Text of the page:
-Written by Erik Sargent
Making a difference in the world is only obtainable when people come together and use the resources around them, and for the faith-based organization Convoy of Hope, this was the exact mindset that helped it come to fruition.
Convoy of Hope – which is based out of Springfield, Missouri – was founded in 1994 with the plans of making a difference in communities all around the world, mainly by working to feed children through feeding initiatives, community outreaches, and disaster response.
“Most of what we do has a focus on feeding,” said Eric Neubauer, corporate relations director for Convoy of Hope. “Secondarily, the flip-side of that coin is we’ve also been an early responder in times of natural disasters. There was a point in our mission where we felt like responding and being a part of relief efforts was important to who we are and what we did.”
Since the organization has grown over nearly 25 years of operation, Convoy of Hope now has their focus set in six main areas: community events, children’s feeding, disaster services, agriculture, women’s empowerment, and rural compassion.
The number of people reached by Convoy of Hope are staggering when you examine what they’ve been able to do since 1994, which includes 100 million people served, 262 million meals distributed, and 615,000 volunteers mobilized to help children, families, and survivors of disasters. These numbers also include 115 countries served and $805 million worth of food and supplies distributed.
It’s no small task to be on the ground helping at so many different places for so many different causes, but a strong infrastructure allows Convoy of Hope to make it possible.
“Part of what gives us the ability to do that and what makes us so unique is our infrastructure,” Neubauer said. “Think of us like a logistics organization. We have a fleet of semis, we have an international headquarters here in Springfield with a 3,000 square foot building with essential supplies and products. We also have regional warehouses in different parts of the world, including Haiti, Asia, Puerto Rico, and Houston.”
This impressive infrastructure allows Convoy of Hope to adapt on the go to whatever the disaster situation may need and stay prepared for any situation.
“Because of our logistical capacity and our infrastructure, we are not dependent on partnering with A, B, and C organization when deploying of times of disaster,” Neubauer said. “Because we have our infrastructure, we are at the disaster and supplying what we need for the disaster on our own.”
A partnership based on a common goal
At TWO MEN AND A TRUCK®, finding any and all ways to give back to the communities we operate in and the people we serve has been our goal over the last 30 years.
For Greg Micklos, franchisee of the TWO MEN AND A TRUCK Pensacola, Fla., location, this same sentiment was on his mind last year when Hurricane Harvey crashed the shores of the Gulf Coast. The damage was substantial, people needed help, and he knew his moving team and his trucks could be of use. The next step was finding a partner to put these resources to good use.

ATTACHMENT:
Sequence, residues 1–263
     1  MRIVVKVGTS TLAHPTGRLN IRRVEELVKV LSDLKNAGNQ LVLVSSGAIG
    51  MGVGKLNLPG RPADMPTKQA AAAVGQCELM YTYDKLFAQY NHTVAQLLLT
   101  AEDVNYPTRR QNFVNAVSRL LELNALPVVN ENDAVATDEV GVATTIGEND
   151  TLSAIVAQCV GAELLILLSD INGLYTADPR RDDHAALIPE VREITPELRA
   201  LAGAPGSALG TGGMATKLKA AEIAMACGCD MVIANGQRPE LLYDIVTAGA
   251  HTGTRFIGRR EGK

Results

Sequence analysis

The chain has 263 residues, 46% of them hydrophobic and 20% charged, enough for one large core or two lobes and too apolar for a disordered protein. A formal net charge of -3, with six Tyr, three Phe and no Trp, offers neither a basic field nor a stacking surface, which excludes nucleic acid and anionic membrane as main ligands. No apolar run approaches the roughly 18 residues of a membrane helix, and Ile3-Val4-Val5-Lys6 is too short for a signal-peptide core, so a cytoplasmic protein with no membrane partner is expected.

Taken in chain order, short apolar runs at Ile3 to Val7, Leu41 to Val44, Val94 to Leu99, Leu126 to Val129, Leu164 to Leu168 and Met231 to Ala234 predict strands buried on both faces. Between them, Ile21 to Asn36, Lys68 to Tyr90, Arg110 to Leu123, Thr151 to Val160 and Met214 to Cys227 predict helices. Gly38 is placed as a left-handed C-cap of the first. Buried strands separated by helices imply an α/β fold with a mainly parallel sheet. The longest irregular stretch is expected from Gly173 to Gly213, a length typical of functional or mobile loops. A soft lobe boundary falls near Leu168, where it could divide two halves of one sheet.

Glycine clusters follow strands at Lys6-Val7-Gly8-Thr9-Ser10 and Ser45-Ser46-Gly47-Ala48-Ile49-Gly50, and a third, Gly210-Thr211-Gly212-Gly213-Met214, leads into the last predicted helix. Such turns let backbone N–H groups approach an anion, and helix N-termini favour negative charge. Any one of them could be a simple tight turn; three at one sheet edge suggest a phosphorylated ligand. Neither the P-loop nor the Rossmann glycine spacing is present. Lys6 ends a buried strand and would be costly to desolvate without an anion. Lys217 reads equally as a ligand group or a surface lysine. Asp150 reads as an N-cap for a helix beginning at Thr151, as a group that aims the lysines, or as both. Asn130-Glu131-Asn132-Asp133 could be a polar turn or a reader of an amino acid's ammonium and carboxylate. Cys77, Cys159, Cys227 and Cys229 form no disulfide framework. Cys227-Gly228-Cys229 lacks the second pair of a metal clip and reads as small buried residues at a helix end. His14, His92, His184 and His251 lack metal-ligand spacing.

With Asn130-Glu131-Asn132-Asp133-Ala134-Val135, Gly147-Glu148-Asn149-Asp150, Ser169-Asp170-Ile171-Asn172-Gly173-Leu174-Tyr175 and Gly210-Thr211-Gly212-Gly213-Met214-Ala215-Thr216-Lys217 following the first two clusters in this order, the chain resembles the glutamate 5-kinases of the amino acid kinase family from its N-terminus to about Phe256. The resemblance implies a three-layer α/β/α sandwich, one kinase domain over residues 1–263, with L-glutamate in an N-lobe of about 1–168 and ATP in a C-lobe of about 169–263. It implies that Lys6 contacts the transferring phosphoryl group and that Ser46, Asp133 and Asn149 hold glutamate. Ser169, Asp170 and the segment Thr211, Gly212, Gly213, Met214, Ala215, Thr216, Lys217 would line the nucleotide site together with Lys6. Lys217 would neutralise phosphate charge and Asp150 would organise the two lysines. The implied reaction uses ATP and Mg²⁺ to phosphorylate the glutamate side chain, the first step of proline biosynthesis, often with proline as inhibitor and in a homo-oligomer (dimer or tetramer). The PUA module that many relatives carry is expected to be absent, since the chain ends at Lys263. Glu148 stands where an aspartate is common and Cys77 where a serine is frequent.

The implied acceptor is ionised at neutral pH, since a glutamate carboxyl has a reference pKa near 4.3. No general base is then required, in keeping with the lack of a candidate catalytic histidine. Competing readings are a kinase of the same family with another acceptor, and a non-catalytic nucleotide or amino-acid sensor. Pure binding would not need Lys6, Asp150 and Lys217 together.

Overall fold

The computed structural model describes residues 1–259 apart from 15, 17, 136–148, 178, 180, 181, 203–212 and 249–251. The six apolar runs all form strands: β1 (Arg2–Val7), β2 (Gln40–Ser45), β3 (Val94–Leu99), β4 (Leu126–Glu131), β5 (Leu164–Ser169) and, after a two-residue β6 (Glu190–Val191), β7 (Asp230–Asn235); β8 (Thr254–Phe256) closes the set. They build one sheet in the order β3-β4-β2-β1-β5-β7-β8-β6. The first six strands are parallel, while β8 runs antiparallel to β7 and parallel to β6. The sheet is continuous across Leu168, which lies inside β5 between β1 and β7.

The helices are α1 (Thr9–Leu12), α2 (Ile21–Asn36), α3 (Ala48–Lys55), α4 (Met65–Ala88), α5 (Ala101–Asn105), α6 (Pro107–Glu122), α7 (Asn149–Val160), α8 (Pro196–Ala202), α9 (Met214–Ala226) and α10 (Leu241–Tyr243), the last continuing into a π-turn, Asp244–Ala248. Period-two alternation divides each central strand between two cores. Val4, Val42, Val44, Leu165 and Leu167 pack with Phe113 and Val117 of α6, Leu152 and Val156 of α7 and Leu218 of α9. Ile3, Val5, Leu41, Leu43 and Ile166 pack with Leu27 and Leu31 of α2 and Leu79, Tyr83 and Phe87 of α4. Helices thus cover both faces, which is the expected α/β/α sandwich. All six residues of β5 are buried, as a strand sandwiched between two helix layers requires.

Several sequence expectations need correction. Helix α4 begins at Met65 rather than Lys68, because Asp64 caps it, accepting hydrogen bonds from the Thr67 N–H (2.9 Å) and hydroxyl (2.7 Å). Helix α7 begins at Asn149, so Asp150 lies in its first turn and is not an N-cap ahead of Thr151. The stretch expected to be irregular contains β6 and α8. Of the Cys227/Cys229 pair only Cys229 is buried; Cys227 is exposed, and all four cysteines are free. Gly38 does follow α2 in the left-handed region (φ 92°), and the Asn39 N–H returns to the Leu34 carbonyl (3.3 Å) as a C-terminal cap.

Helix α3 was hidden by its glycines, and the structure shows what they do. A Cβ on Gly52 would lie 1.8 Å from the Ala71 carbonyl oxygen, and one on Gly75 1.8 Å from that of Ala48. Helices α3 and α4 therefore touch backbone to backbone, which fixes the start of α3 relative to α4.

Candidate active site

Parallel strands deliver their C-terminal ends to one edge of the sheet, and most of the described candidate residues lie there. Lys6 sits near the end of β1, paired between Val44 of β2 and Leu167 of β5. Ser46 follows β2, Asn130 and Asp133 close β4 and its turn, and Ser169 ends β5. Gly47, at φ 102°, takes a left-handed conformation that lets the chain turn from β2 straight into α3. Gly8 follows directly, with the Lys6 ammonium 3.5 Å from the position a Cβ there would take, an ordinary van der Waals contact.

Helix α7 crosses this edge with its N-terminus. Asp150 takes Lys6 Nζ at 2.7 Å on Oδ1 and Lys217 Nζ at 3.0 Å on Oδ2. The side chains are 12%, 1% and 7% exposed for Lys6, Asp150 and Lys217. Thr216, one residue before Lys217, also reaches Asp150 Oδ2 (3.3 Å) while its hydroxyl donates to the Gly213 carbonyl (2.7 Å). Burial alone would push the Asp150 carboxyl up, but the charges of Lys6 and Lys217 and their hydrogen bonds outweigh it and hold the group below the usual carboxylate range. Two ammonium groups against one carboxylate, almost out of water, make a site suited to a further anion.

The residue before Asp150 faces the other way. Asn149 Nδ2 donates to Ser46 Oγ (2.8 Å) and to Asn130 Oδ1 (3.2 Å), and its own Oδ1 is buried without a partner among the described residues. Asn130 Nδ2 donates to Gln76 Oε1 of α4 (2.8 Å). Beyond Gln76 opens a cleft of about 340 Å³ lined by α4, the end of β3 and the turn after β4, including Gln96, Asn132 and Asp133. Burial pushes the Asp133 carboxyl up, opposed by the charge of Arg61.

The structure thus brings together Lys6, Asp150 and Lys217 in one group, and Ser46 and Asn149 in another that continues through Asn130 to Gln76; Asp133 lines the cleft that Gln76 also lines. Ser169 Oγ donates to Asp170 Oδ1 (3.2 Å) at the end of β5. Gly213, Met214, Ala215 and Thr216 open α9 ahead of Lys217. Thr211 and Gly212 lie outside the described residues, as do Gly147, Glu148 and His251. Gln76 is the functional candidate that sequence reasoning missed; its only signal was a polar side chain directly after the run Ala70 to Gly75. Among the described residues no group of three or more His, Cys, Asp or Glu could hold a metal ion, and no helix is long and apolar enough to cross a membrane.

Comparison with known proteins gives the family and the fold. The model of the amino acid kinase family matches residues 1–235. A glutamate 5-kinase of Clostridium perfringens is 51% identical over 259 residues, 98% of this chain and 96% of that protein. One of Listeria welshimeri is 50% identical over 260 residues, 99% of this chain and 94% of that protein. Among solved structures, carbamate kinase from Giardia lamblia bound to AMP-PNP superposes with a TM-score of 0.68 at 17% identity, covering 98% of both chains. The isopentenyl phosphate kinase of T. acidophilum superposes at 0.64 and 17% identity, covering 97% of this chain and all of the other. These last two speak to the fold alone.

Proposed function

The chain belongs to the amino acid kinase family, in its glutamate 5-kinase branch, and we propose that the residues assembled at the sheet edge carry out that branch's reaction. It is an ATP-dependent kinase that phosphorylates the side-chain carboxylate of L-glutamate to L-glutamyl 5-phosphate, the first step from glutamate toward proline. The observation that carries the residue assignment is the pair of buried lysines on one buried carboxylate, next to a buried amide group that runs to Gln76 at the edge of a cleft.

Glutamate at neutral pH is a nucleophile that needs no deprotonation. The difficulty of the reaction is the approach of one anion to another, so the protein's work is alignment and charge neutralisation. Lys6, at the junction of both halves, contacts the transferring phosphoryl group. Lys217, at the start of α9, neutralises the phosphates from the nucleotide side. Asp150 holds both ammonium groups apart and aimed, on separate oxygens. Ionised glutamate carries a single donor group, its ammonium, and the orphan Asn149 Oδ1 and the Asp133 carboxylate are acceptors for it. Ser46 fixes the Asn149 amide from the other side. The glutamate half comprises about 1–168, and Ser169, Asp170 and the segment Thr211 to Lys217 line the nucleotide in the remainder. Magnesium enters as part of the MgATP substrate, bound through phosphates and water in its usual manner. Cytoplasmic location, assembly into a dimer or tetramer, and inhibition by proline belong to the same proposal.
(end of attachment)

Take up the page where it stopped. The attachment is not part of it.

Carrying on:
Micklos had been organizing both the supplies to be donated and also organizing a fleet of trucks to head to Houston when a mutual connection led him to Convoy of Hope.
“I was involved in Hurricane Floyd and Dennis in 1999 when I was living in North Carolina, I have experienced hurricane devastation myself,” said Micklos. “I knew a lot of people in the Florida area would be coming in and out of disaster areas, and knew we would need some kind of credentials to get into devastation areas. Finding an organization like Convoy of Hope to help us actually get in there and get out without making a scene – we knew they needed supplies, and it was a great fit for us.”
A couple of quick phone calls later, and TWO MEN AND A TRUCK and Convoy of Hope had plans in the works to tag-team these hurricane relief efforts.
“When Eric Neubauer from Convoy of Hope and I got together and actually developed a strategic plan together to figure out what we had and what we could do, it just seemed to be a phenomenal fit,” Micklos said.
TWO MEN AND A TRUCK’s resources helped boost the efforts of Convoy of Hope, who was already established in the disaster areas.
“For us, it just makes sense to ask if there is a logistics connection, and if it could radically improve our capacity,” Neubauer said. “People want do something to help, and TWO MEN AND A TRUCK has tons of trucks and people.”
Since Hurricane Harvey, TWO MEN AND A TRUCK has continued to work together with Convoy of Hope where it makes sense, as each organization works hard to make a difference when possible.
Micklos noted that over the last year, he has remained in contact with Convoy of Hope and kept an open dialogue about what has worked in their relief efforts and what hasn’t as they plan to coordinate in the future. With the ability to provide both trucks and man-power on relatively short notice, the two organizations have developed an understanding with one another and are working to build their partnership.
“Our core values align so well,” Micklos said. “We’re all for one, one for all, and we can’t just do it by ourselves. [Founder] Mary Ellen Sheets said it best – ‘all of us are stronger than one of us’, so you look at that and we’re right there with Convoy of Hope sharing the same values.”
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